The Red Cross

There are few American communities which have not, at some period over the past few years, been visited by natural disasters of some type. Similarly, there are few communities in this country which have not seen the American Red Cross –this country’s official agency for relief of disaster victims –in action against those followers of catastrophes –fear, bewilderment, and confusion.
Over the past twelve months, for instance, 129 disasters occurred in 41 states. These included cyclones, cloudbursts, fires, epidemics, explosions, shipwrecks, tornadoes, wind storms, and other catastrophes that inevitably left in their wake homeless, hungry, and sometimes dead or seriously injured victims.
The feeding of these armies of disaster victims constitutes one of the greatest problems periodically faced by the Red Cross disaster relief workers.
In the files of the Red Cross in Washington headquarters are names of hundreds of nutritionists who have expressed their willingness to cooperate with this agency in time of emergency. headed by staff nutrition workers, and medical director, these reserve workers are ready to give instant service, and to work out plans for handling large or small groups with the greatest efficiency.
It’s no small job to organize adequate feeding stations to care for large numbers of disaster victims. It may be that kitchens must be set up at convenient locations over a wide area, or again facilities may be limited to those found in partially destroyed school buildings or churches. Fortunately, at the present time hundreds of Red Cross chapters throughout America are surveying their resources in advance, and in this work nutritionists are playing a large and very important part.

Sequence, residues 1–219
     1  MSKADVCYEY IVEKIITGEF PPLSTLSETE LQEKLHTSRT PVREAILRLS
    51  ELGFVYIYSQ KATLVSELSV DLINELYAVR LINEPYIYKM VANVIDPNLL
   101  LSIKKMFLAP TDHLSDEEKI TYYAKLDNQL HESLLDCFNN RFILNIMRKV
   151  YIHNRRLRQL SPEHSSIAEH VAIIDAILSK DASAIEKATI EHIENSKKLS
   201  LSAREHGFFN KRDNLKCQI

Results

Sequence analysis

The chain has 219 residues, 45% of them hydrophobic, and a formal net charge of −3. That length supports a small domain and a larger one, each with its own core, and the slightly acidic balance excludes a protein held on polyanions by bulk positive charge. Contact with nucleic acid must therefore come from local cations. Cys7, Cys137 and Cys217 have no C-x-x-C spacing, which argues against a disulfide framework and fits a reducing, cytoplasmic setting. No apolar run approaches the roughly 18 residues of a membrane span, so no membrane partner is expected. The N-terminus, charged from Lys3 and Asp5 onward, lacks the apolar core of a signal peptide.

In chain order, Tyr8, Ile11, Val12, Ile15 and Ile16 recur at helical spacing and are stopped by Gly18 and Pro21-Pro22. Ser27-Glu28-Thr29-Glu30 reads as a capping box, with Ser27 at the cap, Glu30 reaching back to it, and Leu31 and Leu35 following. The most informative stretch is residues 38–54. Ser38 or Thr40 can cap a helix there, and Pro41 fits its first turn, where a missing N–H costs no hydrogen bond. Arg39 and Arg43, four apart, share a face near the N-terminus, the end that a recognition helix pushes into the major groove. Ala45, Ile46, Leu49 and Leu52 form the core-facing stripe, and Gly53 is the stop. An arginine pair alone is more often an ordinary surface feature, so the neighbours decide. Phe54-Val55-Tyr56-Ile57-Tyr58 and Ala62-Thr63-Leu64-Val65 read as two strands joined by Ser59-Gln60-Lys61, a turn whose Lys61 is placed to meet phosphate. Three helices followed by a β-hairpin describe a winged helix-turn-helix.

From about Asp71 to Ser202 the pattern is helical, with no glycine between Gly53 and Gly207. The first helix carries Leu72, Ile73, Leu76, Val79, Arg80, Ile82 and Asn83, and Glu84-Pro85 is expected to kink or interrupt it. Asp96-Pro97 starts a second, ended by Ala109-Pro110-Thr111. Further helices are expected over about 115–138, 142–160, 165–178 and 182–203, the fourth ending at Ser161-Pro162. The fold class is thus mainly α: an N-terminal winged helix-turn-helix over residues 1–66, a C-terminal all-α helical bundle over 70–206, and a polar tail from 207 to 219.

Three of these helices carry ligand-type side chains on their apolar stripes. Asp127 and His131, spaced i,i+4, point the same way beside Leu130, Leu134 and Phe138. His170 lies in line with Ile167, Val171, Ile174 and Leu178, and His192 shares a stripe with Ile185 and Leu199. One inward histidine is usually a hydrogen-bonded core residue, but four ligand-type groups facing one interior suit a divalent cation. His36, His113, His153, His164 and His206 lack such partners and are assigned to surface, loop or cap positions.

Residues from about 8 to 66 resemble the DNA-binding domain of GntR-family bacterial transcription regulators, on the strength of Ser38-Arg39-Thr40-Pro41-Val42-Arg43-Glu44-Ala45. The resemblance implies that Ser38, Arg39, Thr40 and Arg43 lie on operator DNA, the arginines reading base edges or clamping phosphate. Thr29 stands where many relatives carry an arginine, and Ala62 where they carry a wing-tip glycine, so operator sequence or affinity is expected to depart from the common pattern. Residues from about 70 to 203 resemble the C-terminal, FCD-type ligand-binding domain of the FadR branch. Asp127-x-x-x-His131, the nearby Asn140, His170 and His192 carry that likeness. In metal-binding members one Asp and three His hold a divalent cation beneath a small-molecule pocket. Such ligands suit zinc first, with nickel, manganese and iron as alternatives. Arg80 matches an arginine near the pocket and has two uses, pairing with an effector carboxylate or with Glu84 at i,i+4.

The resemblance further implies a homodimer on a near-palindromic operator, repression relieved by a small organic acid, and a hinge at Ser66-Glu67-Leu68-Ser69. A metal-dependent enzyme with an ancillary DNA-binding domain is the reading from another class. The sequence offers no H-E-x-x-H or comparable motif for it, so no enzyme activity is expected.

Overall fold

That dentists in this country are actively interested in, and supporting the work of, the organization is demonstrated by an agreement signed early in September between the American Red Cross and the American Dental Association. Plans have been worked out for securing emergency dental care for refugees in large centers. These further include replacement or repair of plates and other artificial dental structures that have been lost or damaged in disaster: surgical treatment of fractured jaws and other injuries of the mouth; and surveys of dental conditions of refugees.
To facilitate selection of representatives of the dental profession the presidents of State Dental Associations will recommend dentists for appointment as dental advisors for Red Cross workers, and the president of the American Dental Association has appointed a National Committee on Cooperation with the Red Cross.
The cooperation so willingly given by both nutritionists and dentists will mean much in the administration of efficient Red Cross relief, as well as the “peace time” duties of the organization.
Membership in the Red Cross is recruited annually during Roll Call which takes place from Armistice Day to Thanksgiving. At this time local chapters throughout the country extend an invitation to everyone to join the organization’s ranks and thus contribute their share in maintaining Red Cross service.